The meagreness and brevity of the sketch I have here given of my visit to Singapore and the Malay Peninsula is due to my having trusted chiefly to some private letters and a note-book, which were lost, and to a paper on Malacca and Mount Ophir which was sent to the Royal Geographical Society, but which was neither read nor printed, owing to press of matter at the end of a session, and the MSS. of which can not now be found. I the less regret this, however, as so many works have been written on these parts; and I always intended to pass lightly over my travels in the western and better known portions of the Archipelago, in order to devote more space to the remoter districts, about which hardly any thing has been written in the English language.




I ARRIVED at Sarawak on November 1, 1854, and left it on January 25, 1856. In the interval I resided at many different localities, and saw a good deal of the Dyak tribes as well as of the Bornean Malays. I was hospitably entertained by Sir James Brooke, and lived in his house whenever I was at the town of Sarawak in the intervals of my journeys. But so many books have been written about this part of Borneo since I was there, that I shall avoid going into details of what I saw and heard and thought of Sarawak and its ruler, confining myself chiefly to my experiences as a naturalist in search of shells, insects, birds, and the orang-utan, and to an account of a journey through a part of the interior seldom visited by Europeans.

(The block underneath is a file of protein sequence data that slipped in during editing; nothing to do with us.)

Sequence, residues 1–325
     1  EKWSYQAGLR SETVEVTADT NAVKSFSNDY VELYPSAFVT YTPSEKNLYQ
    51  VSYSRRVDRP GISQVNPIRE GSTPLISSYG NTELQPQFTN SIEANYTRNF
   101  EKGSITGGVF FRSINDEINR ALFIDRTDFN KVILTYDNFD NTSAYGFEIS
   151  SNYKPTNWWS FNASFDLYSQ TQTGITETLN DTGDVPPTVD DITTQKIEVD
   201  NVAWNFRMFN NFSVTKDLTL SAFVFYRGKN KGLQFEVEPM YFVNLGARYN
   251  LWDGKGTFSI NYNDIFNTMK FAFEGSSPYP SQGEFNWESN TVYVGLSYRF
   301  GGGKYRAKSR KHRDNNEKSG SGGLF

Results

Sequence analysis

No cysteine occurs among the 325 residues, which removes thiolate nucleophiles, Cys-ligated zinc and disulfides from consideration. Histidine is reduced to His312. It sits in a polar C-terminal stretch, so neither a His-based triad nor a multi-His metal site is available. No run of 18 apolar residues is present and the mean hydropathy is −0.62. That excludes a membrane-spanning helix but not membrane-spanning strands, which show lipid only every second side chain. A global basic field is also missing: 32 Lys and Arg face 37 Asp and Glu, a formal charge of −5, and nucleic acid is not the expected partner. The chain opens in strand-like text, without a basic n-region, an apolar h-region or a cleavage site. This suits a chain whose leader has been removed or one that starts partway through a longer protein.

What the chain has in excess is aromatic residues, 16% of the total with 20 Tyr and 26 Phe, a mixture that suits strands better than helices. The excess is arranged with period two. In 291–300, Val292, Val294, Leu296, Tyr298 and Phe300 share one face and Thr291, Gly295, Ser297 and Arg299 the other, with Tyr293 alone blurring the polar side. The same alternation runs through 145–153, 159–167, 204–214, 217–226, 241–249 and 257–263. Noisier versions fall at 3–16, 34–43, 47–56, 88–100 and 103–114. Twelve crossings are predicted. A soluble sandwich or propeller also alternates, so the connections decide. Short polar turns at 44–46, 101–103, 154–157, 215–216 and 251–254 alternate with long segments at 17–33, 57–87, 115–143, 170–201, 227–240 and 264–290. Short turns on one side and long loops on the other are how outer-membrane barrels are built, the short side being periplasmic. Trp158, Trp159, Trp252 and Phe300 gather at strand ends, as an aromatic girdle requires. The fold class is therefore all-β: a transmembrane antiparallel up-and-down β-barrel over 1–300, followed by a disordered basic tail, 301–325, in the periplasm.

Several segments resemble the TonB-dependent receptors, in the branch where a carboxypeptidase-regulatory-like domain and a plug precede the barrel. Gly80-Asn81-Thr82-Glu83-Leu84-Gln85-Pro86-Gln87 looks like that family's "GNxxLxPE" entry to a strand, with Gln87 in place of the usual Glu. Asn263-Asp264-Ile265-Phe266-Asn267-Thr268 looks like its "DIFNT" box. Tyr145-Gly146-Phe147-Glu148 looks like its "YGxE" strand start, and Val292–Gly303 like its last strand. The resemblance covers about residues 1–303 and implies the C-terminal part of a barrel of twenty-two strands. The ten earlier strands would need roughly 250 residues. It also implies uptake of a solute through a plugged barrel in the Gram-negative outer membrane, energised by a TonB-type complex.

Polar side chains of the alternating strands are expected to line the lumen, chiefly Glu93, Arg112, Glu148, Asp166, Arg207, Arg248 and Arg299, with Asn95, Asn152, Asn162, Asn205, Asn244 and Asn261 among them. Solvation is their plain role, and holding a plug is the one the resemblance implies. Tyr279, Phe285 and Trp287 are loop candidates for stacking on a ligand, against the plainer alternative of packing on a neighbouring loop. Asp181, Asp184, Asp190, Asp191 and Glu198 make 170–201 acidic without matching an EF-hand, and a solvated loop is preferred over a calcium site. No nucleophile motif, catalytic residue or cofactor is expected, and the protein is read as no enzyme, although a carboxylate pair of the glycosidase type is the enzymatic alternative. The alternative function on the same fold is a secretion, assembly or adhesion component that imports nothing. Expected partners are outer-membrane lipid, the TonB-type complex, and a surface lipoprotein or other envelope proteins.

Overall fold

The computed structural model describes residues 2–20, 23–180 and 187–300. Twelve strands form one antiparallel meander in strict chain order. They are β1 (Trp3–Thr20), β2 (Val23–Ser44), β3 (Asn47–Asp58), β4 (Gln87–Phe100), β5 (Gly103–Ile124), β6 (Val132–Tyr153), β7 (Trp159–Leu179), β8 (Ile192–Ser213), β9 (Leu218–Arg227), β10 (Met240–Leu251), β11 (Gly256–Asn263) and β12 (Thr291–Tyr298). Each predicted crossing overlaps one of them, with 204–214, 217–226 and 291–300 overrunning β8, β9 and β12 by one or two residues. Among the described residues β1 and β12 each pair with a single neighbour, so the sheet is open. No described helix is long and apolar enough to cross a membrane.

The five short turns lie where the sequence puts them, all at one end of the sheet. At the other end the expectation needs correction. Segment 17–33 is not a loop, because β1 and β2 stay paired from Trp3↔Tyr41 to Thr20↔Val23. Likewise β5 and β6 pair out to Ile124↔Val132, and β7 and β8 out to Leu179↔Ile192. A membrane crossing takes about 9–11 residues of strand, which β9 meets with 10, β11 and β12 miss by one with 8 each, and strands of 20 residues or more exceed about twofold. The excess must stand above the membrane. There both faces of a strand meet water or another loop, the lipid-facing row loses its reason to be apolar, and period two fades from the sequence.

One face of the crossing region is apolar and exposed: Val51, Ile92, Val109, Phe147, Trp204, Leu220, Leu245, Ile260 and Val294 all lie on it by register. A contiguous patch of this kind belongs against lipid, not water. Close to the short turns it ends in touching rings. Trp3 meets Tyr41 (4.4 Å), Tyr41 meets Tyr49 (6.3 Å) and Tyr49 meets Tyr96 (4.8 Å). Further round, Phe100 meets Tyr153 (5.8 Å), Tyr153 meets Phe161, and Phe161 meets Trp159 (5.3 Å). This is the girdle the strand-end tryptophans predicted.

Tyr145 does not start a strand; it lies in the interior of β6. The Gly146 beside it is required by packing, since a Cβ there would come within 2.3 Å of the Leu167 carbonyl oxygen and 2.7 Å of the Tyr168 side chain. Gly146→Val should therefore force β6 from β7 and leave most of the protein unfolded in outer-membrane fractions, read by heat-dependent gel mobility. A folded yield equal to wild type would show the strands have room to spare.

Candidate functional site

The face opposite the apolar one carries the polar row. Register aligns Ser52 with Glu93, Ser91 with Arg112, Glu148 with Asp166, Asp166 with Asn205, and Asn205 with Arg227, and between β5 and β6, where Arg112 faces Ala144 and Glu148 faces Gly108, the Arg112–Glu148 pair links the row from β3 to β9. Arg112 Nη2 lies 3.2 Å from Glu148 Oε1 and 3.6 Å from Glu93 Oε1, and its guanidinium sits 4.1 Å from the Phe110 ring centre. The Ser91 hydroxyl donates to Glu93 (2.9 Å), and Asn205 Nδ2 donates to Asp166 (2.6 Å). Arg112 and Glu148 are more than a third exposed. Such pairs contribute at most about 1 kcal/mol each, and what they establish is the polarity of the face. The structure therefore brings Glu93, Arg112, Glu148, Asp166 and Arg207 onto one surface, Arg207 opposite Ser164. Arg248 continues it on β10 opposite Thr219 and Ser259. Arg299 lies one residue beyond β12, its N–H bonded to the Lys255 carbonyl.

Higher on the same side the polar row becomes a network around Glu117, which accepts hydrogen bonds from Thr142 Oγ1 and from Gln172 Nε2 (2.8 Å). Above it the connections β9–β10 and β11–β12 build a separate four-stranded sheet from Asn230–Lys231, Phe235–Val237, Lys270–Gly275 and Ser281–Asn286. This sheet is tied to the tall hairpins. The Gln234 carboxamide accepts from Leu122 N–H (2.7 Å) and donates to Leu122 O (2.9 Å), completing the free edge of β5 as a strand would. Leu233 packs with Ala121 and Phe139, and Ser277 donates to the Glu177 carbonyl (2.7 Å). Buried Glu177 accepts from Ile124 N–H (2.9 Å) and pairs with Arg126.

The first four months of my visit were spent in various parts of the Sarawak River, from Santubong at its mouth up to the picturesque limestone mountains and Chinese goldfields of Bow and Bedé. This part of the country has been so frequently described that I shall pass it over, especially as, owing to its being the height of the wet season, my collections were comparatively poor and insignificant.

In March, 1865, I determined to go to the coal-works which were being opened near the Simunjon River, a small branch of the Sádong, a river east of Sarawak, and between it and the Batang-lupar. The Simunjon enters the Sádong River about twenty miles up. It is very narrow and very winding, and much overshadowed by the lofty forest, which sometimes almost meets over it. The whole country between it and the sea is a perfectly level, forest-covered swamp, out of which rise a few isolated hills, at the foot of one of which the works are situated. From the landing-place to the hill a Dyak road had been formed, which consisted solely of treetrunks laid end to end. Along these the bare-footed natives


walk, and carry heavy burdens with the greatest ease, but to a booted European it is very slippery work; and when one's attention is constantly attracted by the various objects of interest around, a few tumbles into the bog are almost inevitable. During my first walk along this road I saw few insects or birds, but noticed some very handsome orchids in flower, of the genus Caelogyne, a group which I afterward found to be very abundant, and characteristic of the district. On the slope of the hill near its foot a patch of forest had been cleared away, and several rude houses erected, in which were residing Mr. Coulson, the engineer, and a number of Chinese workmen. I was at first kindly accommodated in Mr. Coulson's house, but finding the spot very suitable for me and offering great facilities for collecting, I had a small house of two rooms and a veranda built for myself. Here I remained nearly nine months, and made an immense collection of insects, to which class of animals I devoted my chief attention, owing to the circumstances being especially favorable.